World Health Day is celebrated on 7 April every year to mark the anniversary of the founding of the World Health Organization (WHO). This day provides the WHO with a unique opportunity to mobilise action around a specific health topic of concern to people all over the world.
The theme for the 2017 World Health Day campaign is Depression: let’s talk. According to the latest estimates from the WHO, more than 300 million people are now living with depression, an increase of more than 18% between 2005 and 2015. Lack of support for people with mental disorders, coupled with a fear of stigma, prevent many from accessing the treatment they need to live healthy, productive lives. Depression affects people of all ages, from all walks of life, in all countries. It causes mental anguish and impacts on people’s ability to carry out even the simplest everyday tasks, with sometimes devastating consequences for relationships with family and friends, and the ability to earn a living. At worst, depression can lead to suicide. In fact, it is not only the leading cause of ill health and disability worldwide, but also the second-leading cause of death among 15- to 29-year olds.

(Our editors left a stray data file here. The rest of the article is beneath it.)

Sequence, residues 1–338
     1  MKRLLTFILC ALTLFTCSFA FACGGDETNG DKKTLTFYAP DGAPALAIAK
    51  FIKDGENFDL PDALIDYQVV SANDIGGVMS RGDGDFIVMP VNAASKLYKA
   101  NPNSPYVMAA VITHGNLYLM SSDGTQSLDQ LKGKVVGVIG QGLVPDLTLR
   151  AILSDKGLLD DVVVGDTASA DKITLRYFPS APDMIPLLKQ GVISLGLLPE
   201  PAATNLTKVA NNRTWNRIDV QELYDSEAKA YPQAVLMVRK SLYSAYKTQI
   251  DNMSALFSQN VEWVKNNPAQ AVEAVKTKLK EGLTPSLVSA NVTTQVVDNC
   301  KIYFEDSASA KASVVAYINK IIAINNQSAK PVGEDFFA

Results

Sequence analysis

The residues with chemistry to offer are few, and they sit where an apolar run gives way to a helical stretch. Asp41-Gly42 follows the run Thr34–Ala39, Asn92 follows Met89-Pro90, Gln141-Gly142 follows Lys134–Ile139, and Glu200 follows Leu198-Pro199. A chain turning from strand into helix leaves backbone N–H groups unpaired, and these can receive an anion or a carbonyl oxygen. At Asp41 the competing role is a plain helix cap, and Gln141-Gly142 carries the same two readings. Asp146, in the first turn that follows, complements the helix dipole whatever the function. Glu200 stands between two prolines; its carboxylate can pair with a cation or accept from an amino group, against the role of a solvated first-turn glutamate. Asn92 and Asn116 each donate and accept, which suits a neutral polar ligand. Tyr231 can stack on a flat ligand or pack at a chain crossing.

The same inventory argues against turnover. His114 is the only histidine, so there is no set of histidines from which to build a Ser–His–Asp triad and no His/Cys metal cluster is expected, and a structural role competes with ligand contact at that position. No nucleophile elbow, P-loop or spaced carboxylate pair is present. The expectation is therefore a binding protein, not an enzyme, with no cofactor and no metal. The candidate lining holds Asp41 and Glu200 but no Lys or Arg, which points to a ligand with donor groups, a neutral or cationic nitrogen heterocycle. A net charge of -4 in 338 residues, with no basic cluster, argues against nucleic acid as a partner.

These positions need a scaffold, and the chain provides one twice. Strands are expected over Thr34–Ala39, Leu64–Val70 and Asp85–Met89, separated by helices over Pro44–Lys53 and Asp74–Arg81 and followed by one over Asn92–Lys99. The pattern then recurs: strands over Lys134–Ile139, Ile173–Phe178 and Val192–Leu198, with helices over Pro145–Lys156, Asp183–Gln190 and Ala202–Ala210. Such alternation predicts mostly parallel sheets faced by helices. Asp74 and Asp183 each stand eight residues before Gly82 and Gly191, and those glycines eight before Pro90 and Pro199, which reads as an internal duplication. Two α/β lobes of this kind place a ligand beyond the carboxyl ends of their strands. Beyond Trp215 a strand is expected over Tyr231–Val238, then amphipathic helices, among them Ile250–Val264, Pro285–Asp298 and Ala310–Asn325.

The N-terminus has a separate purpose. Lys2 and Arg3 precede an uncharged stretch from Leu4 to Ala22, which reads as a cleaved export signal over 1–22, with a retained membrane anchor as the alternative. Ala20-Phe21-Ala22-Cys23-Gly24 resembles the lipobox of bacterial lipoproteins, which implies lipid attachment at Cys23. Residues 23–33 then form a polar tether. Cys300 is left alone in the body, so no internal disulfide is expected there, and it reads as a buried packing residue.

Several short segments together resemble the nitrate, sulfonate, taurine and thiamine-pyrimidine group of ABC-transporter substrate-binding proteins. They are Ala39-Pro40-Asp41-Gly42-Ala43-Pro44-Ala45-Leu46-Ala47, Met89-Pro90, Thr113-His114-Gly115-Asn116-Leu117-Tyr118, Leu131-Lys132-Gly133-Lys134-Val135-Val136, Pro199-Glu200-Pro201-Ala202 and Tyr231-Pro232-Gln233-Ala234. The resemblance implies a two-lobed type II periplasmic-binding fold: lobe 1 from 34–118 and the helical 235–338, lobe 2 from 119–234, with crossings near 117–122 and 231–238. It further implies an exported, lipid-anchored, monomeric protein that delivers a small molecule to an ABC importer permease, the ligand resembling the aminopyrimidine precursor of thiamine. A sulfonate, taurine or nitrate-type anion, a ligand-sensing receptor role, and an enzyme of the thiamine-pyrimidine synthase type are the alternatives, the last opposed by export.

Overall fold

The overall goal of the year-long campaign is to ensure that more people around the world seek and get the help they need.
Over the past decade, Australia Awards – Africa has equipped over 650 African professionals in the health sector with skills and knowledge to support the development and delivery of healthcare services. The Australian Government has offered several Small Grants for health professionals to carry out research that can bring sustainable solutions within the sector.
Some of the Alumni who are bringing a change in the health sector include:
Dr Llang Maama-Maime Llang – Lesotho
Bartholomew – Ghana
Dr Angela Gichaga – Kenya